2017 Smart ForTwo Cabrio new car reviews

We don't often venture into the realm of micro cars, but out test car this week was a 2017 Smart ForTwo Cabrio. It's made for urban living, but you see them all the time in not-so-urban habitats. It looks like it should have some moxie with a turbocharged 3-cylinder engine and twin-clutch transmission.

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J.G. Pasterjak JG Pasterjak
Production/Art Director

If you were to judge the overall goodness or badness of the Smart Car by our media loaner, you probably wouldn’t be very impressed. Our test car was the most heavily optioned version of the most expensive model, and as such the price had bloated to nearly $24,000. The real beauty of the Smart is that it’s the antithesis of bloat.

Also, we understand that this is not a car for everyone. It’s a specific answer to a specific question, but if you’re asking that question, boy is it an effective answer. The Smart’s real strength is its size—or, technically, lack of it. With a turning circle under 23 feet in diameter, the thing can practically spin on its own axis. And with a length of only around nine feet, suddenly parking options that were heretofore unimaginable are now attainable. For the urban commuter in a dense environment, the Smart may be the ultimate weapon.

The passenger compartment is for all intents and purposes “normal sized.” The cargo area behind the seats is surprisingly roomy and square, although with our convertible model access was tighter than with the hard top coupe. The passenger seat also folds flat, extending your cargo area for long items to nearly five feet. Smart does not list clown capacity on their media website, but we’re sure you could squeeze several in there.

So while our test model may not have been the best execution of the idea, the idea is still solid. You can get leftover 2016 Smart coupes for under $15,000 at the moment, and suddenly that doesn’t seem like such a crazy idea.

Tom Suddard Tom Suddard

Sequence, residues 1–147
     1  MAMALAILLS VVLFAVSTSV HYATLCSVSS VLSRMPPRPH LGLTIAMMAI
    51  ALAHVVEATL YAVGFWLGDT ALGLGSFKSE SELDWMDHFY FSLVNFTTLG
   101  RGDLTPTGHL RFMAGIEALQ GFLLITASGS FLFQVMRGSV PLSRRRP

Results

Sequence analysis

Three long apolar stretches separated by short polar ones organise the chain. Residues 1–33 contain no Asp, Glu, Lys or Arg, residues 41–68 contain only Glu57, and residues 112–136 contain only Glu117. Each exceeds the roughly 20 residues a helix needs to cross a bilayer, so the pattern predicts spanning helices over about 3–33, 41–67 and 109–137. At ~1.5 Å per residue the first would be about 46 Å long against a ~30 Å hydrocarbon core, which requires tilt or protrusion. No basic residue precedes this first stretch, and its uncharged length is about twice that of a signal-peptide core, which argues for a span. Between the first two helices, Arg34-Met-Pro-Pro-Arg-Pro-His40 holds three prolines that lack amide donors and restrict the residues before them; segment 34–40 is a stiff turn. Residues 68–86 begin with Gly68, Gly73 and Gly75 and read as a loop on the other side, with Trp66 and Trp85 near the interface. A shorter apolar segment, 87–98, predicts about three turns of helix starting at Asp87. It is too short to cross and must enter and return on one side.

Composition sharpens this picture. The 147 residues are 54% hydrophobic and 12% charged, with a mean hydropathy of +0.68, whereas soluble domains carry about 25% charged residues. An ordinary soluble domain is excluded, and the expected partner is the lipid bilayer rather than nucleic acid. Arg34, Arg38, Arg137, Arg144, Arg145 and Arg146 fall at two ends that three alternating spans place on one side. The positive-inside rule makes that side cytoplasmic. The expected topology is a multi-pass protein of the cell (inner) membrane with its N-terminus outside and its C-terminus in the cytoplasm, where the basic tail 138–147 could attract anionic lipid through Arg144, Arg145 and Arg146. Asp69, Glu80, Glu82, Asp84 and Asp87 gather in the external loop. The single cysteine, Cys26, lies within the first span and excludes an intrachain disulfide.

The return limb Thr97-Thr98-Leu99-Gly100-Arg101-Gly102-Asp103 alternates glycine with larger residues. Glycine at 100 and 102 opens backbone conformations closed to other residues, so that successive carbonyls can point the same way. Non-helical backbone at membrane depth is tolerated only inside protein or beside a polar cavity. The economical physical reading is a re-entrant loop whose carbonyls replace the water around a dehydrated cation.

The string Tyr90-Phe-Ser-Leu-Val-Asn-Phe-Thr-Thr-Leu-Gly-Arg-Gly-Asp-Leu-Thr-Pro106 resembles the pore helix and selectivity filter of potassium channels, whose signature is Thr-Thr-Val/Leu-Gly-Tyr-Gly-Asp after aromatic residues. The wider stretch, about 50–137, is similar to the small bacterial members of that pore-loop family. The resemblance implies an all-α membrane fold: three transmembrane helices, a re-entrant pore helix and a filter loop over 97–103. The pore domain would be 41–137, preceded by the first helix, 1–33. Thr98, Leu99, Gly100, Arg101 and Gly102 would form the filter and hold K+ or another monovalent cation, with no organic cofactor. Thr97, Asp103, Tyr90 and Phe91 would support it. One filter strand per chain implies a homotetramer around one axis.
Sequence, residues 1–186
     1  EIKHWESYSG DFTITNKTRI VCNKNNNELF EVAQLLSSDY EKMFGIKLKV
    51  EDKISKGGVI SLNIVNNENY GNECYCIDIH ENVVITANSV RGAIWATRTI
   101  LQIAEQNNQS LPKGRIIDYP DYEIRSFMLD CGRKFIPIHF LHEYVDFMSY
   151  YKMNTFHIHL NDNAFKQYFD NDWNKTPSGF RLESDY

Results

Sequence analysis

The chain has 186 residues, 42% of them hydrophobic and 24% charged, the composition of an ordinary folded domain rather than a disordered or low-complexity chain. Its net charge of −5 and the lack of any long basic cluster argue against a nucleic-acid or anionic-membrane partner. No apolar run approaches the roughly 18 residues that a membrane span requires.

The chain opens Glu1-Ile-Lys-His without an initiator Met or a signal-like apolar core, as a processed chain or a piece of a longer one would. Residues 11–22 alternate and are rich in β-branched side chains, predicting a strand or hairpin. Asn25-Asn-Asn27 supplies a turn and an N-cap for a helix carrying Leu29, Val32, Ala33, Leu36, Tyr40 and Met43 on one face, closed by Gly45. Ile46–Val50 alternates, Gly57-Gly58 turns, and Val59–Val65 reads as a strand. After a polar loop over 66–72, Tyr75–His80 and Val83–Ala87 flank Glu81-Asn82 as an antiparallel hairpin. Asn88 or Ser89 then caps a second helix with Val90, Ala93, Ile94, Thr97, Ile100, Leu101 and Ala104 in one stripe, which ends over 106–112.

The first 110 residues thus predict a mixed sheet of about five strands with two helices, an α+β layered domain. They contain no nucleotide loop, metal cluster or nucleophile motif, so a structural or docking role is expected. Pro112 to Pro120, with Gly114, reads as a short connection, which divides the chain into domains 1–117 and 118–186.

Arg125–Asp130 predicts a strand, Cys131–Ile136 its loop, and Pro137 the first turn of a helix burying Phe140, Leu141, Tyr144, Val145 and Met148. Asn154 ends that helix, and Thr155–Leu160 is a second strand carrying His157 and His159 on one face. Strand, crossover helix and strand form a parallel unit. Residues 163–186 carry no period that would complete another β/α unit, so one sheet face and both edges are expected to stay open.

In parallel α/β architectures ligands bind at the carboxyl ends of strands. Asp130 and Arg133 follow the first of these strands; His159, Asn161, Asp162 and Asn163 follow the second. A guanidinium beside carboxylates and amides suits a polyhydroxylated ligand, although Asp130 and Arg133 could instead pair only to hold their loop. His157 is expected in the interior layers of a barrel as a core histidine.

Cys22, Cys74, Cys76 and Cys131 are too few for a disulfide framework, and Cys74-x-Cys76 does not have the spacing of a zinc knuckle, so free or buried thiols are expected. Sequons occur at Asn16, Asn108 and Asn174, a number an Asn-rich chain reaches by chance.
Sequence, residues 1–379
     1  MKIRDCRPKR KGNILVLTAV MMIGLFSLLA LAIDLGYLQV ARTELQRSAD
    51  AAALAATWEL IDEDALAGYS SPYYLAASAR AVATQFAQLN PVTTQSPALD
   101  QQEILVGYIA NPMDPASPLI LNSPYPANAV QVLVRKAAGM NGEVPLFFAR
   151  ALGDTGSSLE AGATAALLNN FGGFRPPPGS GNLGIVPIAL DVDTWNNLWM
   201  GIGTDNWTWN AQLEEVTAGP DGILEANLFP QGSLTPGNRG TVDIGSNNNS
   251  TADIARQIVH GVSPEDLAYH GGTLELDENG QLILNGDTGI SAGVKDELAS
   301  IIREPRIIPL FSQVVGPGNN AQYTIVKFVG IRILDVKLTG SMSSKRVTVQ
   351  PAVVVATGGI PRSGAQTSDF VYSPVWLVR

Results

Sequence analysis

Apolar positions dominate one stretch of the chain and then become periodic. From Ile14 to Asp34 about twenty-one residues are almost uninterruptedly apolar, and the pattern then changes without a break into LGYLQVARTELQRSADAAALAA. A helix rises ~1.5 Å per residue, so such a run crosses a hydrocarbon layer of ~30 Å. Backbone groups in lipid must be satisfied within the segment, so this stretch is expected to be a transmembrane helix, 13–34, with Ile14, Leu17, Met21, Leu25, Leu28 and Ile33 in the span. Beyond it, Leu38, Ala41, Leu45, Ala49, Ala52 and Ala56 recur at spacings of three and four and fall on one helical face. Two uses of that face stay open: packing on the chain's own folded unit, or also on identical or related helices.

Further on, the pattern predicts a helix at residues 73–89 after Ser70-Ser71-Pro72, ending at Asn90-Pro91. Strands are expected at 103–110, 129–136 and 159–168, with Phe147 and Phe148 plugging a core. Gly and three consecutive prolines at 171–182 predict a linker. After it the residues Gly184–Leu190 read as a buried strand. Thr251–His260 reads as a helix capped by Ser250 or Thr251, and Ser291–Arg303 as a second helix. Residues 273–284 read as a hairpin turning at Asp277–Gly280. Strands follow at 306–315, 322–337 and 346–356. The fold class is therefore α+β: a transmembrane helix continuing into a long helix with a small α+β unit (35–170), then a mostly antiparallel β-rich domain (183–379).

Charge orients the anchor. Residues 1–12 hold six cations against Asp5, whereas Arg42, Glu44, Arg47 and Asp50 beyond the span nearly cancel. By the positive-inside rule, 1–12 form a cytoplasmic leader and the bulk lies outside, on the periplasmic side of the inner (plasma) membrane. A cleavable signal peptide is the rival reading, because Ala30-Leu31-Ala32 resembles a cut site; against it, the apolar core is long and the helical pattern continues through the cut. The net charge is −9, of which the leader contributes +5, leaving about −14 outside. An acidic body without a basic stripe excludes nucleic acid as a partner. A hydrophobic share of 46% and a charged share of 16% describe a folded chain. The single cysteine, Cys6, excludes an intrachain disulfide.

Director of Marketing & Digital Assets

I enjoyed this thing, but every time I tried to figure out why, I just got more confused.

Was it the thrilling driving experience? Well, no. The transmission, though better than earlier Smarts, still shifts with the nuance of a 16-year-old at their first autocross. The steering is so numb it feels like a product of the E-Z-GO golf cart company, and the three-cylinder engine idles so rough I would have believed I was sitting in a two-cylinder diesel yacht tender.

Was it the ravishingly good looks? You be the judge… but I’m just going to assume those weren’t what drew me in.

The interior? Well, it was nice–by 2005 standards. Despite a fairly recent update, the Smart ForTwo still has the interior of a 10-year-old Hyundai Accent. Also, I’m not sure what Smart killed and draped over the dash, but it wasn’t doing anything for me. Short-haired dog, maybe? At least it had a racy tachometer to let me know that no, really, the transmission actually was downshifting that aggressively as I rolled up to each red light.

The convertible top? Let’s not even go there. It was like a big sunroof that diminished the practicality that the hatchback would normally have (and made the trunk harder to open).

That brings me back to why I liked this tiny, weird, awkward car–I guess I bought into the Smart lifestyle. You know how golf carts are tons of fun even though they are slow and drive poorly? That same freedom is what makes Smart cars enjoyable. After just 20 minutes in the car, I was doing U-turns on two-lane back roads just because I could, and parking sideways in every parking spot purely because it fit between the lines. People don’t buy the Smart because it’s a good car, they buy it because it fits in small places. Drive it with that attitude, and you’ll have fun. Don’t, and you’ll wonder why you didn’t just buy a Honda Civic.